Partly due to the Patient Protection and Affordable Care Act (PPACA), the U.S. health-care industry now employs one in nine Americans––up from one in 12 in 2000, according to a report from Kaiser Health News. Moreover, an estimated 35% of the nation’s job growth has come from health care since the “great recession” hit in early 2007. Booming employment, however, has had its downside as a bloated system staggers under redundancy, inefficiency, and a growing number of jobs far removed from patient care.
Labor accounts for more than half of the $3.4 trillion spent on U.S. health care, and medical professionals from health aides to nurse practitioners are in high demand, the report says. But the sheer complexity of the system also has spawned jobs for legions of data entry clerks, revenue cycle analysts, and medical billing coders who must decipher arcane rules to mine money from human ills.
For every physician, there are 16 other workers in U.S. health care, and half of those 16 are in administrative and other nonclinical roles, according to Bob Kocher, a former Obama administration official who worked on the PPACA. He is now a partner at a venture capital firm in California.
“I find super-expensive drugs annoying, and hospital market power is a big problem,” Kocher said. “But what’s driving our health insurance premiums is that we are paying the wages of a whole bunch of people who aren’t involved in the delivery of care. Hospitals keep raising their rates to pay for all of this labor.”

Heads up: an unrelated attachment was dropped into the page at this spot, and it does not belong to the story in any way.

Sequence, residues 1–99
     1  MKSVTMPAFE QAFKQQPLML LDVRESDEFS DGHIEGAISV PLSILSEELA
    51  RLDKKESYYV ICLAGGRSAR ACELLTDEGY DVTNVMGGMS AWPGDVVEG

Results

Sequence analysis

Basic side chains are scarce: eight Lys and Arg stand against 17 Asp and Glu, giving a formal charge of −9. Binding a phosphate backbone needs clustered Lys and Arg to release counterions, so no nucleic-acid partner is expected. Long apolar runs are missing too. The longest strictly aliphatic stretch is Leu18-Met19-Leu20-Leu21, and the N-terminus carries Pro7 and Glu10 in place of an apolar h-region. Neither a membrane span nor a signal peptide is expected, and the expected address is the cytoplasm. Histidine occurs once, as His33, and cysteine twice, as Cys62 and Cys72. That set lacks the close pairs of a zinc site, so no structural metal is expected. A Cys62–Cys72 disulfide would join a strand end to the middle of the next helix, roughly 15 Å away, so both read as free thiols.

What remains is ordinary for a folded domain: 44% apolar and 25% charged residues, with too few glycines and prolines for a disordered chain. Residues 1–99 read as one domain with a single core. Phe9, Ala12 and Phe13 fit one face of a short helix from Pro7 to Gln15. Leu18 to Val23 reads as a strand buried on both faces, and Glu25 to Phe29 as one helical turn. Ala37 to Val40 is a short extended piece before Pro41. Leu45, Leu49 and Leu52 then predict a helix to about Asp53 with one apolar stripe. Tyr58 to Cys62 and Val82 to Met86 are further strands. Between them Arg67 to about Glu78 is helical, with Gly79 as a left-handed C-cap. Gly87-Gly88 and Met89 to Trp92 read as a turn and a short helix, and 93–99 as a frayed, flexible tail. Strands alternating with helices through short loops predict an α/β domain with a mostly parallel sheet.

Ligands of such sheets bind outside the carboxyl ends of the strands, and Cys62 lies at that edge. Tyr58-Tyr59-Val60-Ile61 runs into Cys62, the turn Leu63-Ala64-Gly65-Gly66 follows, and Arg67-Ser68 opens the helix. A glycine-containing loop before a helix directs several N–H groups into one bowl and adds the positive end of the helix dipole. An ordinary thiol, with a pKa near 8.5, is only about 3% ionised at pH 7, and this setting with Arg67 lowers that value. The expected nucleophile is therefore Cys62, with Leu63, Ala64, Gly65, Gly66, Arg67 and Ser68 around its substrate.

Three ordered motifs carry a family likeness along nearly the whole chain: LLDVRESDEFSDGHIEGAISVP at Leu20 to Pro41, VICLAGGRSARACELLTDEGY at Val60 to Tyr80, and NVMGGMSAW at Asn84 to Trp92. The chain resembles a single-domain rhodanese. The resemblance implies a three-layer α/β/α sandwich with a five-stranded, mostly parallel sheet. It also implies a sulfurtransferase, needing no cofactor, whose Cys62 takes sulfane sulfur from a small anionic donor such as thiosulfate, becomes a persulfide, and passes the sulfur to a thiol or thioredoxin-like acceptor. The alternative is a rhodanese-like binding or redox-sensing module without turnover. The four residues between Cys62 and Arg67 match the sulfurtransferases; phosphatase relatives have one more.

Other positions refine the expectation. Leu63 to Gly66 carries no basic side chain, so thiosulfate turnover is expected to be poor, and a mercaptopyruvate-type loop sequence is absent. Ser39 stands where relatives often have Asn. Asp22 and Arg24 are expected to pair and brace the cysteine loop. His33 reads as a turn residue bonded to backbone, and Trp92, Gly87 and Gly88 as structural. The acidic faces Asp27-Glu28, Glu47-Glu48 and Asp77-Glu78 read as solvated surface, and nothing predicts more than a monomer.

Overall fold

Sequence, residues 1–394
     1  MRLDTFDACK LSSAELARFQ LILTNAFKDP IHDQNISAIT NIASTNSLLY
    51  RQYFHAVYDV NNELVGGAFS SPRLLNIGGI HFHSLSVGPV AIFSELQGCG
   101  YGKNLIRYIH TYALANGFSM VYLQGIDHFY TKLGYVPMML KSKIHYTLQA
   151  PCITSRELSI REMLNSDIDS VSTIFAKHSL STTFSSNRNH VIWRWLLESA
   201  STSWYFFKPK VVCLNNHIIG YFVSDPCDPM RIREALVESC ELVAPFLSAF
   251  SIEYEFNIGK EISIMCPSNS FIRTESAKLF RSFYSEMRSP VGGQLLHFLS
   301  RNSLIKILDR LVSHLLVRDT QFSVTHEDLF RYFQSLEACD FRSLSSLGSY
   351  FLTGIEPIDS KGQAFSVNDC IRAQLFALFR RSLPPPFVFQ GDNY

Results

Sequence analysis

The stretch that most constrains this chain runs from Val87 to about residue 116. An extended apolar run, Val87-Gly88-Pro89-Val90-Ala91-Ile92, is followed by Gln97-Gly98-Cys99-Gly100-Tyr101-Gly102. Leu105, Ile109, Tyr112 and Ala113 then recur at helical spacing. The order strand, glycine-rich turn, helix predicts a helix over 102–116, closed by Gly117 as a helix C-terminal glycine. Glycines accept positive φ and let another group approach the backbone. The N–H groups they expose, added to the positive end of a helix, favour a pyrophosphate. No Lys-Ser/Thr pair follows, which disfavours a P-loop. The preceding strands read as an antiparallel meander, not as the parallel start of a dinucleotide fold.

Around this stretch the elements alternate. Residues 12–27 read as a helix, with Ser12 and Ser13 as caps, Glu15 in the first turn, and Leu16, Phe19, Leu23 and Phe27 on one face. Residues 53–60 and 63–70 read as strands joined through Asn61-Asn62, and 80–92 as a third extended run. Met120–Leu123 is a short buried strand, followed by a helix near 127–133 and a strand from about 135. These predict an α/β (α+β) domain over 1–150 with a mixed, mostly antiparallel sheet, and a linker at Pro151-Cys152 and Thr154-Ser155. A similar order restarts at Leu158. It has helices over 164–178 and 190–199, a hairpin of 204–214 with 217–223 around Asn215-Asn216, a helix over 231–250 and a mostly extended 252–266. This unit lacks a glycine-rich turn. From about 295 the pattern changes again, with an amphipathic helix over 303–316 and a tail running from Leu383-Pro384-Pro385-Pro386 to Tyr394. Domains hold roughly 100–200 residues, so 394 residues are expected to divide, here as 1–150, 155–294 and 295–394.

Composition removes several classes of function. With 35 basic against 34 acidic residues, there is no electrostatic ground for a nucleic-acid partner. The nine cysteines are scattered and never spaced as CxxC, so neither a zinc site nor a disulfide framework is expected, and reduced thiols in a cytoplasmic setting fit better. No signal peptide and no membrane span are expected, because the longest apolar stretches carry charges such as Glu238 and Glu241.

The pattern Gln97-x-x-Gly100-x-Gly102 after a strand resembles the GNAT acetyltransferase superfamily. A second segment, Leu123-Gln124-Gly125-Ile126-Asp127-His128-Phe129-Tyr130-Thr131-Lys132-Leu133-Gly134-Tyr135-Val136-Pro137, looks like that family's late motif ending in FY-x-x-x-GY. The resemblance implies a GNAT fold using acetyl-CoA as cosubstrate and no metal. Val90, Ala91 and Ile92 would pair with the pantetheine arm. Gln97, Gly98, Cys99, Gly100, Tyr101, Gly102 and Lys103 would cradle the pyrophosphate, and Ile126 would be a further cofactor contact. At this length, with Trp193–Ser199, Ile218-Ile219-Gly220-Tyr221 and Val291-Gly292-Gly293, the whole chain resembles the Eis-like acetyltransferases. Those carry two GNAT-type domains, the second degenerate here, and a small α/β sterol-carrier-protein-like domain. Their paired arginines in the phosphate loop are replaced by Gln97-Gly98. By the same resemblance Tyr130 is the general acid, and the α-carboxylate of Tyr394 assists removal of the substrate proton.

Some of these back-office workers wage battles every day in clinics and hospitals against an army of claims administrators filling up cubicles inside insurance companies. Overseeing it all are hundreds of corporate vice presidents drawing six-figure salaries.
Administrative costs in U.S. health care are the highest in the developed world, according to a January report from the Organization for Economic Cooperation and Development. More than 8% of U.S. health spending is tied up in administration, while the average globally is 3%. America spent $631 for every man, woman, and child on health insurance administration for 2012 compared with $54 in Japan.
America’s huge investment in health care and related jobs hasn’t always led to better results for patients, but it has provided good-paying jobs, which is why the talk of deep cuts in federal health spending has many people concerned.
As President Donald Trump seeks to fulfill his campaign pledge to create millions more jobs, the health-care industry would seem a promising place to turn, the report notes. But Trump also campaigned to repeal the PPACA and lower health-care costs—a potential job killer. It’s a dilemma: one promise could run headlong into the other.
Source: Kaiser Health News; April 24, 2017.